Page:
Commies under the bed, again

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snowden102way_sq-e640efc5481e6a88137c4aa402822717bc5c48b2-s6-c30I’m not sure we’re going to have an honest public debate about all this domestic spying the government has been doing.

The scale of it all is staggering. It’s bad enough that the National Security Agency is recording our phone calls and e-mails. Millions of them. I gather every day. Then when Sen. Ron Wyden asked about it in a hearing, NSA director James Clapper lied about it. That was before Edward Snowden.

After Snowden, the private contractor, blew the whistle on this surveillance program, Clapper apologized for the lie. Of course, Democrats as well as Republicans won’t demand Clapper’s firing or indictment for lying to Congress.

Most of them seem to be in cahoots with the administration on the spying. This has become such a comedy. President Obama said he welcomed the public debate. He should have thought of that when he agreed to the program in the first place. Some constitutional lawyer.

Meantime, we’re told we shouldn’t worry about our constitutional rights being violated. All the spying has the OK by the secret court – the Federal Intelligence Surveillance Court – which is protecting everybody’s rights. This is joke. Of the 30,000 requests for warrants,
FISA judges have denied the grand sum of 11.

The NSA claims the program has foiled terrorist plots. Well, where are the suspects?
Where are the arrests? Where are the charges? Who’s going to prison?

In the past few years, we have seen terrorist plots foiled. But those weren’t foiled because of government spying. One would-be terrorist’s motor scooter bomb fizzled in Times Square, as I recall. He’s in jail. Then there was the famous underwear bomber on a Detroit-bound airliner. But it was passengers and flight attendants who stopped him. That guy probably will spend the rest of his life in prison.

What about the psychiatrist who killed a bunch of people at Fort Hood? He had been in regular contact with a radical cleric in Yemen.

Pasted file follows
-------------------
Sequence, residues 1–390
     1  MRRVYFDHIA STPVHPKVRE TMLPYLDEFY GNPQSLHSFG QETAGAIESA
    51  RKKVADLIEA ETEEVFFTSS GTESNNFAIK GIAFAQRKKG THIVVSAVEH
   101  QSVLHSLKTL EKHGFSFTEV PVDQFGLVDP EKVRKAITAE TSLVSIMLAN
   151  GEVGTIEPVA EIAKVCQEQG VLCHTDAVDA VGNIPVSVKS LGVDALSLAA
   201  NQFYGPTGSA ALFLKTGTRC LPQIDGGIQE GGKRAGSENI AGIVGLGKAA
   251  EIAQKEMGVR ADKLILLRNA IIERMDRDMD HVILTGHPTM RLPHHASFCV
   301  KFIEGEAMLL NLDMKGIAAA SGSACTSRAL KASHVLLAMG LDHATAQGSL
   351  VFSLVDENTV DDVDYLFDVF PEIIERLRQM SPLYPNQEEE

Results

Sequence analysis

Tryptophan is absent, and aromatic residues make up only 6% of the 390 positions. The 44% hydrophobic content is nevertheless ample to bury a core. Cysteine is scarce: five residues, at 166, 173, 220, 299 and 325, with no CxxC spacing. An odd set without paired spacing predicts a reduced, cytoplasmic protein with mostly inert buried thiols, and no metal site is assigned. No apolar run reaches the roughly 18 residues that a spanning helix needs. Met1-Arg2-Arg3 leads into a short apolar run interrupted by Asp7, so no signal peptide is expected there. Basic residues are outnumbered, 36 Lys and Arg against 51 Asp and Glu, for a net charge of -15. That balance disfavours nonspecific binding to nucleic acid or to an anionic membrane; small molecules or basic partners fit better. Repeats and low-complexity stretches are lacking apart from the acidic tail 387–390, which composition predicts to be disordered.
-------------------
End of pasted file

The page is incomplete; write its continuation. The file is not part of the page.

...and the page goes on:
I can guess why members of Congress aren’t howling about the spying. Nobody wants to look soft on terrorists just as in an earlier time members of Congress didn’t want to look soft on Communists. In that era Commies seemed to be everywhere. So only a couple of senators had the guts to vote against LBJ’s escalation of the Vietnam War. Not very patriotic, although right.

If there’s merit to the current program, you’d think police would have arrested the Chechen brothers before they could set off bombs near the Boston Marathon finish line. That attack killed three people and seriously injured scores. In the attack’s aftermath, the brothers also killed an MIT security guard.

The younger brother goes on trial today in Boston federal court. This young man could face the death penalty. Just one of the lives forever changed. And to what end?

In so short of time, the spying has become old news. Snowden remains in a Moscow airport waiting for a country to grant him asylum. House Republicans have gone back to harping about the new health care law and finding fault with the immigration reform a bipartisan coalition just passed in the Senate.

The country’s reaction to the NSA domestic spying? About half of Americans approve. That disappoints me. As people thought J. Edgar Hoover would save us from the Commies, a lot of people today apparently believe tapping telephones and tracking e-mails will keep us safe from the terrorists. I think this is so naive. In any case, I don’t think the program justifies violating the U.S. Constitution.

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